Previous posts in this discussion:
PostPersecution and the 1511 Montesinos Sermon; from Gary Moore (John Eipper, USA, 03/16/19 2:45 pm)
Gary Moore writes:
Reading John Eipper's considerate reply to my essay on the word "persecution" (March 14th), I wondered whether the landmark sermon he referred to, by Montesinos in 1511, in the much-abused Spanish Caribbean, might shed light on the words used by Montesinos, and by his more famed amanuensis Las Casas, to express the idea of persecution.
Thus my naiveté struck again--for of course, in their epochal defense of human rights, these two Dominican voices didn't have to define an idea of persecution. They weren't talking about persecution. The urgent issue before them was exploitation, enslavement, quite a different matter--not an obsessive targeting of dissidence or difference, but merely unconcerned usage of fellow humans. The difference found in Caribbean natives may have helped deepen the excuses or rationalizations for the abuse, but it wasn't "persecution."
Ironically, that realm was left to quarters like the Dominican order itself--so mere definition of what that problem consists of was arguably still off on the horizons of future centuries. As JE rightly pointed out, the Montesinos sermon is still a millennial beacon: if not the world's first declaration of universal human rights, still a high flag on the slope:
"¿Estos no son hombres? ¿No tienen ánimas racionales? ¿No estáis obligados a amarlos como a vosotros mismos? ¿Esto no entendéis? ¿Cómo estáis en tanta profundidad de sueño tan letárgico dormidos?"
("Are these not men? Do they not have rational souls? Are you not obliged to love them as your very selves? Do you not understand this? How could you be so deeply sunk in dreams, so lethargically asleep?")
The ironies here presage the coming half millennium's struggle over whose rights deserve notice. "Rational souls?" This idea--that Platonic-style rationality could embrace bleeding wafers and virginity miracles, was in step with scholasticism and Church doctrine of that day, reminding that the "rationality" each age takes for granted--as our only tool for beating back superstitious excess--has also required half a millennium for at least partial distinction from the "lethargic sleep."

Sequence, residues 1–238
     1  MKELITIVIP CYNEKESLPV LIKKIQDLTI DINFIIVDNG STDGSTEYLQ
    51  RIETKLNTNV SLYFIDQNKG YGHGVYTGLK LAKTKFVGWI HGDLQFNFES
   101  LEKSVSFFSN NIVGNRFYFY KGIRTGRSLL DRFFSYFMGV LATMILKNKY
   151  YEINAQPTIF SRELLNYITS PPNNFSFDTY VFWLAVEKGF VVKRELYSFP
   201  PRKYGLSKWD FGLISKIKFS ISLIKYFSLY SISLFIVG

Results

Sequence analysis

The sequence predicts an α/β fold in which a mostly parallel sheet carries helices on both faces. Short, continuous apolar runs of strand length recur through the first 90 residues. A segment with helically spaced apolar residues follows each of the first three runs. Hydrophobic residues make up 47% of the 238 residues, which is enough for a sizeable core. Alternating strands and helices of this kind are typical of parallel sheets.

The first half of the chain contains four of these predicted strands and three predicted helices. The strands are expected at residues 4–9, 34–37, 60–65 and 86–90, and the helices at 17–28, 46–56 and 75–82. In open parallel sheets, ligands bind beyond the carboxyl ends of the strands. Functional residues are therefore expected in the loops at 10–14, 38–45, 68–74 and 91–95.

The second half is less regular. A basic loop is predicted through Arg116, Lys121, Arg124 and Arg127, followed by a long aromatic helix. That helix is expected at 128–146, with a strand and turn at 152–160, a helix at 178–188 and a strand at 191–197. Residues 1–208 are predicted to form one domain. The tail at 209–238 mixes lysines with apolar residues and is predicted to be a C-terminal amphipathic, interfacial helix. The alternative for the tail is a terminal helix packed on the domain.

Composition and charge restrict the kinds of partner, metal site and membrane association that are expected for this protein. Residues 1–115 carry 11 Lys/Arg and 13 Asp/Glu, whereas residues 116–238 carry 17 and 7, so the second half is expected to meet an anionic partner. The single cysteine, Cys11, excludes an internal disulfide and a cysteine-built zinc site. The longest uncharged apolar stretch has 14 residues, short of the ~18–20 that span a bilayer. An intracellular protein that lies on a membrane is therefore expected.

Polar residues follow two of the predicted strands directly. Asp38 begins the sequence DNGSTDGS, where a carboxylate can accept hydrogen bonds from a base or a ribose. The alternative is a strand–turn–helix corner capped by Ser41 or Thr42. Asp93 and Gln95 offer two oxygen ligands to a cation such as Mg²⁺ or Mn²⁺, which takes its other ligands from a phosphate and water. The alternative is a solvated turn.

JE comments: An important distinction. Gary, as you pointed out in your post on St Dominic, "persecution" could be considered a virtue in the old days. Consider the very nature of the Inquisition's work.
Rampant Persecution of Muslims in Xinjiang
(Paul Levine, Denmark
03/17/19 4:37 AM)
Speaking of persecution. While we have been worrying about Trump, Brexit, Putin, Maduro, Catalan separatists, Franco idolators and other crimes and misdemeanours, a true catastrophe is taking place on the other side of the world.
The incarceration of a million Chinese citizens in the Xinjiang region is certainly a crime of major proportions. In NYRB James Millward reports: "There may be as many as 1,200 such camps in Xinjiang, imprisoning up to a million people, including Kazhaks, Kyrgyz, and especially Uighurs, who make up around 48 percent of Xinjiang's population." The vast majority of these citizens have committed no crime. Unless it is now a crime in the PRC not being born Han Chinese.
When was the last time a self-respecting sovereign nation locked up a million of its citizens without demonstrating they had committed a crime? The historical parallels are alarming.
Is Xi Jinping criminal or is he crazy? The regime claims the purpose of the camps is to "re-educate" its Xinjiang citizens into industrious Han Chinese. In a matter of months the regime proposes to "brainwash" half the provincial population and convert them from an ancient belief in Islam to an instant faith in the Party. Does the regime really believe this inanity? Already a provincial government official has claimed that "the happiest Muslims in the world live in Xinjiang." Has the Party officially embraced Orwellian language? Has Xi Dada watched The Manchurian Candidate too many times?
Indeed, we have seen this film (Party repression and Regime criminality) before: during the Cultural Revolution under Mao; the Tiananmen Massacre under Deng; the Falun Gong persecution under Jiang Yemin; the imprisonment of Nobel Prize-winner Liu Xiaobo and others under Hu Jintao; and the current lockup of dissidents and incarceration of civil rights lawyers under Xi Dada.
Where will it end? Not in a good place, I fear. James Millward concludes: "What is sometimes called the ‘Xinjiang Problem' is but one dimension of a broader question: Can today's PRC tolerate diversity? Or does it plan to resolves its Tibet Problem, its Hong Kong Problem, and its Taiwan Problem as it does its Xinjiang Problem: with concentration camps?"
Xi's China Dream is in the process of becoming Xi's Chinese Nightmare.
JE comments: Paul Levine attached an extensive bibliography from The Guardian, BBC, Foreign Policy, NYRB, and other sources. There is a human rights apocalypse in Xinjiang, and the world barely notices. Instead of Cultural Revolution, will future historians be talking about a Cultural Genocide?
To James Millward's question above, we could add a more troubling one: can anything be done to improve the lot of China's persecuted Muslims?